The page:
I could care less about my personal privacy in general. I’m trying to bring a viewpoint on privacy to these discussions for the many millions of people who don’t understand whats going on. We know users don’t read most permissions, or EULA’s, or Privacy Policies, etc. So, whatever is done in this regard needs to keep that kind of thing in mind. It isn’t about “consent” it is about “informed consent”. A permission provided by a browser, in this context, doesn’t do enough justice to provide informed consent.

Of course they do. If businesses got whatever they wanted then people would have no privacy ever. It is a trade-off. And the web has traditionally always put users first before all else. Users and data on what they want and need drive change here. In recent years we have seen nothing except people being afraid, confused, and denouncing tracking behaviors. Now you’re asking us to accept putting in a method that allows this to an even deeper extent? How does that make any sense for users?


Other way around. By “trial” I mean the user can “try out” the entire product (at least substantially) and therefore choose from all the content available. By “sample” I mean the service provider determines a subset of the product that will be available unpaid.

Yes, as you say, unpaid usage of the entire product needs to be limited somehow. In Netflix’s case, it’s a time limit (one month) and to avoid fraud we need to be able to detect when the same user comes back again.

The granularity of the “free trial” offer is up to the service provider. A “one per person” free trial would indeed be hard to implement rigorously as indeed would a “one per household” or probably any other strictly defined granularity. In practice, you have to rely on approximations and deal with any corner cases through customer service.

As I mentioned, we have strong evidence that users like free trials. Indeed they demonstrate a willingness to give up some privacy to access them (we ask for a method of payment). There is nothing wrong with offering users the choice to exchange some privacy for something of value, but as you say we must appreciate that consent must be informed and this is difficult to achieve with ‘virtual’ things like identifiers. I want to be clear that I’m not minimizing this point.

To be very clear, I am not advocating provision of a permanent identifier to arbitrary websites, even origin-specific ones with user consent.

And I agree about incognito mode. A site can obviously detect whether any provided identifier is present or not, but cannot detect why.

What I am saying is:

  • Free trail models (as distinct from free samples) are a valid use-case and popular with users
  • Such models depend on preventing (or reducing) abuse, implying a need for at least proof-of-posession of something scarce-per-user, not easily renewed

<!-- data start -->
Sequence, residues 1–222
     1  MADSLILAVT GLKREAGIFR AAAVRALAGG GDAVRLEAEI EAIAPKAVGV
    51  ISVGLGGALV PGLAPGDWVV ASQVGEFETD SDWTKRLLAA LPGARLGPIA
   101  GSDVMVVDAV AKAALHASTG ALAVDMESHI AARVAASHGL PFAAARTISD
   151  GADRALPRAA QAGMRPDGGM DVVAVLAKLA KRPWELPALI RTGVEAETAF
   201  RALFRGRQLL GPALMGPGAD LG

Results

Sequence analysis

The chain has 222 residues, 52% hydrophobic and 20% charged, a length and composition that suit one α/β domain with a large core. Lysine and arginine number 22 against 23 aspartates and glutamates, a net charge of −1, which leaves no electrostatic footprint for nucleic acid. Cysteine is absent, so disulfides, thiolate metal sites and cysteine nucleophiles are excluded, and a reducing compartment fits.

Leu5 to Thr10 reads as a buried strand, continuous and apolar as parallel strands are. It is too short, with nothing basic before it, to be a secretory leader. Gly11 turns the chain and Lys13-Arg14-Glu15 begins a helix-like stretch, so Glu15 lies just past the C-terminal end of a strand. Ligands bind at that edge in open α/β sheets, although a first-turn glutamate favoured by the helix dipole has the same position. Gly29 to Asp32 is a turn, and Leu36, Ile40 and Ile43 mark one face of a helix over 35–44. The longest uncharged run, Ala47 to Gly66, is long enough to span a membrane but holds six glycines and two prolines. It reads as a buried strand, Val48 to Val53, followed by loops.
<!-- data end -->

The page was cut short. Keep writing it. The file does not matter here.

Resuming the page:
• It’s common IRL for users to be provided with a way to exchange some privacy for things of value. The web should not force such exchanges on users but it should not prohibit them either.

I’m not offering a solution and have pointed out problems with the original proposal, but restated as above I believe this problem is worthy of study and should not be dismissed.


For what it’s worth, free “samples” do also work pretty well in practice if the “samples” are large enough. (If they try it, use it for a while, and find it’s almost perfect, but that paid version has exactly what they need, they’ll convert. :wink:)

However, I still don’t think you need a special client ID just for this. You just need the user to log in (as necessary) to confirm they’ve paid.

And I agree about incognito mode. A site can obviously detect whether any provided identifier is present or not, but cannot detect why.

For a while, it used to be possible to detect a browser in private/incognito mode, since you had various things leaking like no localStorage, no indexedDB, etc. Here’s a few hacks:

In general, there’s no good reason to try to detect it, but it still remains possible to do so directly (due to browser stupidity).


Since you bring GDPR, European privacy regulations won’t allow you to store any user-related identifier permanently, regardless of how you compute it. Users have the right to revoke them at any time, and you have to clear all traces from your system when that happens. So even if such an ID was trustworthy, when the user tells you to forget about it (exercising their rights), they can start from scratch with a fresh trial.

Even if such an ID was implemented, browsers would have to offer the user the option to reset that ID, or produce a new one when going in privacy mode (incognito) because that’s the whole point of the privacy mode. Even if it is really inconvenient to do that, someone will write a browser extension that does that on a click of the mouse.

Many users use ad blockers not for the ads, but for the privacy. Ad blockers nowadays have much more code to protect privacy (block beacons, pixels, etc) than to block ads, because users are genuinely concerned about privacy. Grandmothers who don’t know what an ID is or how to install an extension to fake it, also don’t know what an ad blocker is. Ad blockers would be the first extensions to fake that ID or make it unreliable.

My naive recommendation: Go with ads for non signed-in users. Go with free trial for signed-in users. Have account creation abuse detection in place, which also benefits other use cases besides free trial abuse.


I’m not sure I see a way where the particular requirement can be implemented that isn’t extremely likely to be privacy invasive. The EME spec’s privacy section is indeed a great resource; User Tracking describes a specific set of privacy threats that would include the proposed functionality, exposing an identifier (either to an origin or across origins) that could not subsequently be cleared at the same time as other data. A Key System that violated some of those requirements (or took advantage of some “should”/“may” requirements) might be able to implement the irrevocable free trial or permanent revelation of identity. The EME spec provides some mitigations that user agents can apply, including clearing stored data, limiting access to the top-level browsing context, user consent and blacklisting of key systems.

There is general skepticism about giving users the opportunity to volunteer for irrevocable actions. Reasons for that skepticism are not limited to but do include: lack of clear understanding of the implications of an action (“permanently reveal your identity to example.com” could be interpreted in many different ways, and users might not realize, for example, that doing so could mean that the permanent identifier is used across multiple websites rather than just example.com); consent without the user realizing it (maybe I just clicked “okay” without noticing, or someone else borrowing my device clicked “okay”, or I bought a used laptop and the previous owner clicked “okay”, or my cat jumped on the keyboard and clicked “okay”, or…); the possibility of user’s changing their mind.